How to: Create Custom Tools Options Pages

The Options dialog box on the Tools menu displays a variety of option pages for different parts of Visual Studio. You can control the existing options pages, as outlined in Controlling Options Settings, and you can also create your own custom pages. You can use custom pages to allow users to change settings for your add-ins or other programs.

Creating your own custom Tools Options pages is easier than ever before. You no longer need to use an add-in to create a new Tools Options page because the page definitions are now stored in separate XML files rather than in registry keys. Consequently, you can now create Tools Options pages that are accessible in the Macros integrated development environment (IDE) as well as the main Visual Studio IDE.

The following procedure demonstrates how to create a custom user control that will act as a custom Tools Options page, and then modify a .Addin file to reference it.

Note

The dialog boxes and menu commands you see might differ from those described in Help depending on your active settings or edition. These procedures were developed with the General Development Settings active. To change your settings, choose Import and ExportSettings on the Tools menu. For more information, see Visual Studio Settings.

To create a custom Tools Options page

  1. Create a new Windows Control Library project. Name it ToolsOptionsLibrary.dll.

  2. Add the controls and functionality you desire to the user control.

    This user control will become the custom Tools Option page. You should resize the control to fill the Tools Options dialog box client area.

  3. Build the project.

    Visual Studio looks for all shared .Addin files when it starts and loads those that are present. The Tools Options page named Add-in/Macros Security defines a set of tokens for file paths for .Addin files. The following tokens are included:

    • %ALLUSERSPROFILE%

    • %APPDATA%

    • %USERPROFILE%

    • %VSAPPDATA%

    • %VSCOMMONAPPDATA%

    When Visual Studio begins searching for .Addin files, it replaces these tokens with the following path strings:

Token

Path

%ALLUSERSPROFILE%

<drive>:\Documents and Settings\All Users\Application Data\Microsoft\MSEnvShared\Addins

%APPDATA%

<drive>:\Documents and Settings\<username>\Microsoft\MSEnvShared\Addins

%USERPROFILE%

<drive>:\Documents and Settings\<username>\My Documents\Visual Studio 2005\Addins

%VSAPPDATA%

<drive>:\Documents and Settings\<username>\Addins

%VSCOMMONAPPDATA%

<drive>:\Documents and Settings\All Users\Addins

For more information about registering add-ins, see Add-in Security.

  1. Create a new .Addin file to reference the new Tools Option page in one of the directories listed above.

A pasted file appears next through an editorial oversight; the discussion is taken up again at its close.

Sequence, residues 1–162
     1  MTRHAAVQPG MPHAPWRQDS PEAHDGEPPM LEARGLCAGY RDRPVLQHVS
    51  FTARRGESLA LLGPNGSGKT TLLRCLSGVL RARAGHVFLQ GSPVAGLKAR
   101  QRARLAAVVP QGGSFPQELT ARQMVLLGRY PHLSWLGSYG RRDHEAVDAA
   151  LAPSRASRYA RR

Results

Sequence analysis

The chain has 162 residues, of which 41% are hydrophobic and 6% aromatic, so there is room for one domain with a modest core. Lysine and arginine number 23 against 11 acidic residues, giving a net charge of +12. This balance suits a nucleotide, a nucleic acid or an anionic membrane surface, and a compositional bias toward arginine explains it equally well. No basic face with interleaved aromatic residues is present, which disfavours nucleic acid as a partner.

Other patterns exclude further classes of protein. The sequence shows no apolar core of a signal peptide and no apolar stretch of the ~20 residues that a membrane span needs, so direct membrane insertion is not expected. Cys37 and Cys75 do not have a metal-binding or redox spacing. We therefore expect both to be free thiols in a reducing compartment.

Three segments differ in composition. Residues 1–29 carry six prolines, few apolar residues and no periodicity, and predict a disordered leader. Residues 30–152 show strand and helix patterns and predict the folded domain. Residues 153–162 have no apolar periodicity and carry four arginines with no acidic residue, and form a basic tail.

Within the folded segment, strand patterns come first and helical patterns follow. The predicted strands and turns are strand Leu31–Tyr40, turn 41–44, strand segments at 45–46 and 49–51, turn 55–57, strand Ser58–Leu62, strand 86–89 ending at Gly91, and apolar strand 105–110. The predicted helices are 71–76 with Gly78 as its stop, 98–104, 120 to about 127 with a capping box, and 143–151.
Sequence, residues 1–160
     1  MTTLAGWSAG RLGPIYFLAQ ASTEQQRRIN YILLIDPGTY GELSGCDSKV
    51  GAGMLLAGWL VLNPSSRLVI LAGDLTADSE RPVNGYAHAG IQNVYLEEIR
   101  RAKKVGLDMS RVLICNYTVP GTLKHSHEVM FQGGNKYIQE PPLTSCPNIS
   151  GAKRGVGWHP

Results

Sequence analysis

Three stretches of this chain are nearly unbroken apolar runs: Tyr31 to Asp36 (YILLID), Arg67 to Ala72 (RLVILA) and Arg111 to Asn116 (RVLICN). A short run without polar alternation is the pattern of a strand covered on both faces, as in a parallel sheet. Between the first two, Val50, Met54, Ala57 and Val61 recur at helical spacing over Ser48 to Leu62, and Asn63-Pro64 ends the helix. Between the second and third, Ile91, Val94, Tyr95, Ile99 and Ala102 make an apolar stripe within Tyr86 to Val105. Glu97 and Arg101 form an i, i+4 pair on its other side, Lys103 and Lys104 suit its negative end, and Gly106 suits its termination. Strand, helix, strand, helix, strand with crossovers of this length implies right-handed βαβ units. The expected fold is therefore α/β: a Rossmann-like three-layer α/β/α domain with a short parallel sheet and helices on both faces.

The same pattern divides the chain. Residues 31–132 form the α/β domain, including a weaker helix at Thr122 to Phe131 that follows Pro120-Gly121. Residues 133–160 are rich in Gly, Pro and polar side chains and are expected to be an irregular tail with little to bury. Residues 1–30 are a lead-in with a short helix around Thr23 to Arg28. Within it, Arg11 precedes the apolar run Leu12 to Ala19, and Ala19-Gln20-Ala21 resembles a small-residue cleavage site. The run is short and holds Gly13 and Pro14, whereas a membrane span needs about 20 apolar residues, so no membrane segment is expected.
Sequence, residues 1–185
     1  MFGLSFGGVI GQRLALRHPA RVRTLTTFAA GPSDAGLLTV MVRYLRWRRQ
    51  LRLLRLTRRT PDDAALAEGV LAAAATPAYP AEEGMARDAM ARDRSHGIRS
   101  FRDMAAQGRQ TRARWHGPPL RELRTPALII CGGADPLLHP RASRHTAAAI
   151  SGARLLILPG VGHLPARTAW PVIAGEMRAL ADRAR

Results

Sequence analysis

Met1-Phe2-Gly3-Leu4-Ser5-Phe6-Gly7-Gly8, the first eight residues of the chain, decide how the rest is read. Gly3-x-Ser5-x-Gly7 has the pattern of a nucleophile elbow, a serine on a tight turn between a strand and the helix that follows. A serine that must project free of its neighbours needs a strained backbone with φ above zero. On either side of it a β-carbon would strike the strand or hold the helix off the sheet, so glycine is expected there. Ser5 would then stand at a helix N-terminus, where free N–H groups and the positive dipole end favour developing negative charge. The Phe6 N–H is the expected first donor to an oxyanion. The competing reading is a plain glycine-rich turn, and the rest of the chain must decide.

You can use the following as a template:

    <?xml version="1.0" encoding="UTF-16" standalone="no"?>
    <Extensibility xmlns="http://schemas.microsoft.com/AutomationExtensibility">
        <HostApplication>
            <Name>Microsoft Visual Studio Macros</Name>
            <Version>8.0</Version>
        </HostApplication>
        <HostApplication>
            <Name>Microsoft Visual Studio</Name>
            <Version>8.0</Version>
        </HostApplication>
        <ToolsOptionsPage>
            <Category Name="Environment">
                <SubCategory Name="My Tools Options Page">
                    <Assembly><dll location></Assembly>
                    <FullClassName>ToolsOptionsLibrary.UserControl1
                    </FullClassName>
                </SubCategory>
            </Category>
        </ToolsOptionsPage>
    </Extensibility>
    
  2. In the <Assembly></Assembly> tag, replace <dll location> with the path to the ToolsOptionsLibrary.dll.

  3. Change the <ToolsOptionsPage> settings (Category Name, SubCategory Name, and so on) to reflect the specifics of your user control.

    For example, if your user control is named "NewPage" and its project is "MyTOLib," then the FullClassName tag would be MyTOLib.NewPage. The Assembly is where the Tools Options DLL is located. The Category Name is the node in the Tools Options dialog box where you want to locate your custom page, such as Environment, Debugging, Projects, and so forth.

    If you specify a name that does not exist, a new node with that name is created. The SubCategory is the name that appears under the node. Note that the maximum number of levels is two. That means that you cannot add a third-level node, such as under the Text Editor node.

  4. Save the above file in a text file with the extension, .Addin, in one of the .Addin file folders described in step three(3). The default directory is <drive>:\Documents and Settings\<your username>\Application Data\Microsoft\MSEnvShared\Addins.

    When Visual Studio starts, it looks in this directory for custom Tools Options page definitions and loads those that it finds. You can change or add .Addin directories by using the Add-in / Macros Security page under the Environment node.

  5. Start Visual Studio and click Options on the Tools menu.

    You see your new Tools Options page.

In addition to this example, you can download a full-featured Tools Option page from the Visual Studio Automation Samples Web site. See the RegExplore sample on the Automation Samples site. This example, however, shows how to create a Tools Options page using a COM control.

See Also

Tasks

How to: Change Window Characteristics

Concepts

Controlling Options Settings

Add-in Registration

Automation Object Model Chart

Other Resources

Creating and Controlling Environment Windows

Automation and Extensibility Reference